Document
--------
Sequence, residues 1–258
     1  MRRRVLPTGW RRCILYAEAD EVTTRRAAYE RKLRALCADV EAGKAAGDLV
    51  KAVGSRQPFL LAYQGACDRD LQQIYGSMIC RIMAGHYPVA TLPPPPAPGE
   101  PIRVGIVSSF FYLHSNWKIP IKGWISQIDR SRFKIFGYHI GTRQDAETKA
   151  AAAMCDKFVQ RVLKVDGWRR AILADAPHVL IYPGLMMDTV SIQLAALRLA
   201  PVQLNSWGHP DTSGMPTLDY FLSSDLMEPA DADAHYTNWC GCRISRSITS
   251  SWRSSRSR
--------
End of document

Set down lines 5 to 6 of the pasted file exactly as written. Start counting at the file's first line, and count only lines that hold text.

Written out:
   151  AAAMCDKFVQ RVLKVDGWRR AILADAPHVL IYPGLMMDTV SIQLAALRLA
   201  PVQLNSWGHP DTSGMPTLDY FLSSDLMEPA DADAHYTNWC GCRISRSITS